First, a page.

TV Guide Review
Trish Stewart Interview | Original TV Guide Review
The following is a review of the series Salvage 1 which appeared in TV Guide in March, 1979.
Special thanks to Paul-Dean Martin for sending this!

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Once you have been to the moon, some astronauts say, everything afterward is a letdown. That should have provided a clue to the makers of this ABC adventure series. The two-hour pilot was a farfetched simple-headed but enjoyable tale of a scrap tycoon (Andy Griffith) who builds his own rocket to salvage abandoned space machinery from moon landing sites.

The end of that story would have been a judicious moment to close down the shop and take up a new line of work. But television is always hungry, so Salvage-I has been spun out for a weekly run. Now Griffith and his pals use the rocket to hop around the Earth-a strangely cost-inefficient form of travel-to salvage items from remote places. In the pilot show, Griffith recruited his supporting cast: Joel Higgins as an unemployed astronaut, Trish Stewart as a demolitions expert capable of making rocket fuel and of looking good in jeans. Scrounging old NASA parts, they built a moon vehicle. (If all this space gear could be bought so cheaply, what was the point of salvaging parts on the moon? Oh, well.) While an officious FBI man (Richard Jaeckel) made sputtering attempts to stop the takeoff, Higgins and Stewart blasted off in their home made rocket and in due course reached the moon.

The story had its charms. The idea of everyday citizens flying to the moon has folk-appeal, the rocket-building process was picturesque if preposterous, the musical score was good, and the amateur rocketeers were a cocky and likable bunch-including Griffith, still getting away with his ol'-country-boy number.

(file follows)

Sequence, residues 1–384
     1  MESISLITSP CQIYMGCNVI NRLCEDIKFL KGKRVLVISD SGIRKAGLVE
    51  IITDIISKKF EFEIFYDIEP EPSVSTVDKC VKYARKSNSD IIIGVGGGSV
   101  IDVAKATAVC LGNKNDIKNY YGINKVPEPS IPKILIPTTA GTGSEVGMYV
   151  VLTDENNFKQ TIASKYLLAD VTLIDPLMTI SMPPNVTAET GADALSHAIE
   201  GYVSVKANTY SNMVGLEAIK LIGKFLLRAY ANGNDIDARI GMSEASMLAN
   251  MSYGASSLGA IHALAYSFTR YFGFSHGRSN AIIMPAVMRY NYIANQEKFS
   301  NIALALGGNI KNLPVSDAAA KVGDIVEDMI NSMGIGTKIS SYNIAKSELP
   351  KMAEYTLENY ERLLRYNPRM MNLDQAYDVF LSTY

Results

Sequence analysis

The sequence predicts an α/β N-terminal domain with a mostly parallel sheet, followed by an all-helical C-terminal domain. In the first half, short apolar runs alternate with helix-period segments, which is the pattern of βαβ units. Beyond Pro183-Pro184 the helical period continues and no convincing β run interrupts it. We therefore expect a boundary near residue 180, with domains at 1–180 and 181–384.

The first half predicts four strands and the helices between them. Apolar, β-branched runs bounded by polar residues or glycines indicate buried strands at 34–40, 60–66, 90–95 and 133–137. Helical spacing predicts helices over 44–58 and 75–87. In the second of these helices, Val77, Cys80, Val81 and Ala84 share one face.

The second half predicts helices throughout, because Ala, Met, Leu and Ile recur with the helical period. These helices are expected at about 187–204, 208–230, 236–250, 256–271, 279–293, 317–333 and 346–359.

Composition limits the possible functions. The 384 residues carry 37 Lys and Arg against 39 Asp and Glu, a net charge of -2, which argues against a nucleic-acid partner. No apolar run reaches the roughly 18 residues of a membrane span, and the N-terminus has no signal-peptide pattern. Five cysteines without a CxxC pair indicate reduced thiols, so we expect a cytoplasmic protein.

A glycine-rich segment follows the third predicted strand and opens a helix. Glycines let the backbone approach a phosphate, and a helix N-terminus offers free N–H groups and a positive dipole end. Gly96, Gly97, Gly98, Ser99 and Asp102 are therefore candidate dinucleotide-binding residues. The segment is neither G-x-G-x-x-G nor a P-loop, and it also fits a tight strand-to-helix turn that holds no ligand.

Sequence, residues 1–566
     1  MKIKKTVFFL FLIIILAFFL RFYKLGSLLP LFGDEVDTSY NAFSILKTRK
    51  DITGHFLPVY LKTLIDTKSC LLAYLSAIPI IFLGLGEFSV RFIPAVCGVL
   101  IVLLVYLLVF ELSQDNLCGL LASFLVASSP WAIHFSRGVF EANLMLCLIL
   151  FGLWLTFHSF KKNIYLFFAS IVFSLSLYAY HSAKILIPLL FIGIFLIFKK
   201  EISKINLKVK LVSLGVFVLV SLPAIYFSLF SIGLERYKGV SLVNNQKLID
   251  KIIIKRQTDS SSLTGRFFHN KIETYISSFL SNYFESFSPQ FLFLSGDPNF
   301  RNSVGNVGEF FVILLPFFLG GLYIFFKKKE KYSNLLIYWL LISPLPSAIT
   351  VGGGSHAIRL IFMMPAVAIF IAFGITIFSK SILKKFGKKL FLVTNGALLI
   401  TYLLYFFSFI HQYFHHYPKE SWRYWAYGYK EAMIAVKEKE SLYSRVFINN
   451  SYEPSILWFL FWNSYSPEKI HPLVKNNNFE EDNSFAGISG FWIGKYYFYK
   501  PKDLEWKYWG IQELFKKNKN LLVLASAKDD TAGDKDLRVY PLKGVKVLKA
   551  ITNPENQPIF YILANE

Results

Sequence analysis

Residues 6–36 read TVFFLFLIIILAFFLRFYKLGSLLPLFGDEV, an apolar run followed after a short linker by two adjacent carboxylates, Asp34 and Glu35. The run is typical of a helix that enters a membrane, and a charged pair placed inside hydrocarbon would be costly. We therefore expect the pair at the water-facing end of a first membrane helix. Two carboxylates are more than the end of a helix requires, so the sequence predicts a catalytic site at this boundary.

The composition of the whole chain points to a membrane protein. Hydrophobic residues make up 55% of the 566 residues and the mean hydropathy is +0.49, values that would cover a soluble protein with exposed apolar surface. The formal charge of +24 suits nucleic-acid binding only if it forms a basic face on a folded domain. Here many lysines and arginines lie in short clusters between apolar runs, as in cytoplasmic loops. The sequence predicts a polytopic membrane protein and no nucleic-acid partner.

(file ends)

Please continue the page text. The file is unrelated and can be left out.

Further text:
Now, however, it's the writers who are scrounging. In one story, the team landed on a jungle island to capture rare monkey specimens. There they found a dithery scientist and an abominable ape-man of some sort. The ape-man attacked, the rocket was damaged and wouldn't take get the picture. I thought the island looked a lot like Laurel Canyon.

In another story, our heroes set down in Burma to salvage a World War II bomber for an aviation museum. Guarding the airplane was the ever-popular Japanese soldier who doesn't know the war is over. The soldier got the drop on the salvage group, but then helped them fight a troop of Chinese guerrillas. In the end they flew him home, gently breaking the news about who won the war. Simple entertainment is the idea, but someone on Salvage-I is putting too much stress on the "simple."

When two-hour TV-movies first appeared, they seemed to offer a chance for television to break the monotony of week-to-week series. Now, virtually every two-hour feature is a "pilot" for a series, laying the groundwork for monotony to come. A good TV-movie, by and large, is one that ends. It's a shame when a good sprinter, is passed off as a distance runner.

As those astronauts said, once you've gone to the moon, there's no place to go but down. End

TV Guide MARCH 24, 1979


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